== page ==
“Texans rely on Twitter’s public statements that nearly all its users are real people. It matters not only for regular Twitter users, but also Texas businesses and advertisers who use Twitter for their livelihoods,” said Attorney General Bill Paxton.
“If Twitter is misrepresenting how many accounts are fake to drive up their revenue, I have a duty to protect Texans.”
In the announcement of the investigation, the Texas Attorney General said that Twitter had “received intense scrutiny in recent weeks over claiming in its financial regulatory filings that fewer than 5 per cent of all users are bots, when they may in fact comprise as much as 20 per cent or more.”
This criticism comes most notably from Tesla chief executive Elon Musk, who made a bid to buy the social media company for $44 billion in April.
Tesla relocated its corporate headquarters to Gigafactory Texas in December 2021, and has opened a Tesla factory outside of Austin this year. Mr Musk personally lives in Texas, and SpaceX runs a major manufacturing and launch facility there.
In the months following, however, Mr Musk has claimed that his proposed takeover of the social media platform was “on hold” after he suggested that he did not believe Twitter’s own estimate that less than five per cent of the active accounts on its platform were automated or spam accounts.
Twitter chief executive Parag Agrawal published a long thread explaining how the social media company calculates the number of bots on its platform. In response, Mr Musk tweeted the poop emoji to Mr Agrawal.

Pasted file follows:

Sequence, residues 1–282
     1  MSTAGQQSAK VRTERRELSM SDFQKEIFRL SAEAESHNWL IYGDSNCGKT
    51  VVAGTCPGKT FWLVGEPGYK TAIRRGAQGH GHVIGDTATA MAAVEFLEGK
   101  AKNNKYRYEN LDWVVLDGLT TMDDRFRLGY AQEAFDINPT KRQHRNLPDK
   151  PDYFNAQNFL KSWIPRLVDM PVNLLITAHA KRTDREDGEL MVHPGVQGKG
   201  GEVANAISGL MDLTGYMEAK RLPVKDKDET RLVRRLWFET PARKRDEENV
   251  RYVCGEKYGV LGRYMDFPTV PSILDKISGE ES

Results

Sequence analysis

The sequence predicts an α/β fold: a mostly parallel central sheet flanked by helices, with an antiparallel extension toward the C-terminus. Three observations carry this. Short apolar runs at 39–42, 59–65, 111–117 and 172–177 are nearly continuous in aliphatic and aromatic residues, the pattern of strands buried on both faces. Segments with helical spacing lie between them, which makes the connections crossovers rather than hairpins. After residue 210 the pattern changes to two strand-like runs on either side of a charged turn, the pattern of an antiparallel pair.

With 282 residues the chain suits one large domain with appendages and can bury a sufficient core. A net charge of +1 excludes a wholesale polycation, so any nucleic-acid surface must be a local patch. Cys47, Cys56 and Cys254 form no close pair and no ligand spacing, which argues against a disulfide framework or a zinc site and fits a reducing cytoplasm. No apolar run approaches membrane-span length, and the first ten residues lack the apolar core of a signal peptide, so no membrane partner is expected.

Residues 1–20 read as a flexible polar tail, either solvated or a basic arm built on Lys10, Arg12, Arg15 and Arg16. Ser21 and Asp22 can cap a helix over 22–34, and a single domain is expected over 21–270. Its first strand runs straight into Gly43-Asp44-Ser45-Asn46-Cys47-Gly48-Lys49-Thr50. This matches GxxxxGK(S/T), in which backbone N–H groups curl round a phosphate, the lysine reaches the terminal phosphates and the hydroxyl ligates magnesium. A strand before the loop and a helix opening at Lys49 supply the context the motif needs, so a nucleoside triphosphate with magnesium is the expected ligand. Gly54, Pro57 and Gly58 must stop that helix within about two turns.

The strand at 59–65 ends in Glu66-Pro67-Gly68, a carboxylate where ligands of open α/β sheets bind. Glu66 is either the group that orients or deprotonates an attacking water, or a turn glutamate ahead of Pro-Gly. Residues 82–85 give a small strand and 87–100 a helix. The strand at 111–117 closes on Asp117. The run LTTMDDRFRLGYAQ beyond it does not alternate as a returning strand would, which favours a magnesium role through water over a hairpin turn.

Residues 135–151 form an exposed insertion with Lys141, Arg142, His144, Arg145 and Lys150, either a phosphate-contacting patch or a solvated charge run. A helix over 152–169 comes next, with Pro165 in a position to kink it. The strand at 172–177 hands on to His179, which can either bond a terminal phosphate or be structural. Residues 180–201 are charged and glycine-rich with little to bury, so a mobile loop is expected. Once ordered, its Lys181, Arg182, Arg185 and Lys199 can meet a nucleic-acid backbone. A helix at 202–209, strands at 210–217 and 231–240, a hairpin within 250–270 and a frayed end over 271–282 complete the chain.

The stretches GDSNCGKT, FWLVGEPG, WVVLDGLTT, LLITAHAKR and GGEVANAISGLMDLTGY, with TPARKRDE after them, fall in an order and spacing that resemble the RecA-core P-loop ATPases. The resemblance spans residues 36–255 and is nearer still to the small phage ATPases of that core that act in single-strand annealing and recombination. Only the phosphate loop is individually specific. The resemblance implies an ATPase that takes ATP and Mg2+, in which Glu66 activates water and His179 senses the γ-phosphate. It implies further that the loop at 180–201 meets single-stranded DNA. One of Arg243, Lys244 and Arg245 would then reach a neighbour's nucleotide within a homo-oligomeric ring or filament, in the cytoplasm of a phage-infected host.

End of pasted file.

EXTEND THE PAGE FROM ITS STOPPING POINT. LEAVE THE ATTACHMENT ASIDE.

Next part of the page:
Mr Musk waived due diligence when he agreed to buy Twitter at $54.20 per share. Twitter’s board has previously said that it “intend[s] to close the transaction and enforce the merger agreement.”
In the demands made to Twitter, Mr Paxton is asking for Twitter to send “all public statements you have made quantifying the number of Twitter users”, and “documents that contradict Your public statements that fewer than 5% of ‘false or spam accounts’ are included in Your ‘monetizable daily active users’ metric”.
Marc Fagel, a securities law expert who previously served as regional director of the Security and Exchange Commission’s San Francisco office, told CNBC that this investigation is unusual because such matters are not typically handled at the state level.
“States aren’t necessarily equipped to do this sort of sophisticated investigation,” Mr Fagel said. “It’s one thing if you’re dealing with a local company, but if you’re talking about a national, publicly traded company in another state, that’s the province of the SEC.”
Twitter declined to comment.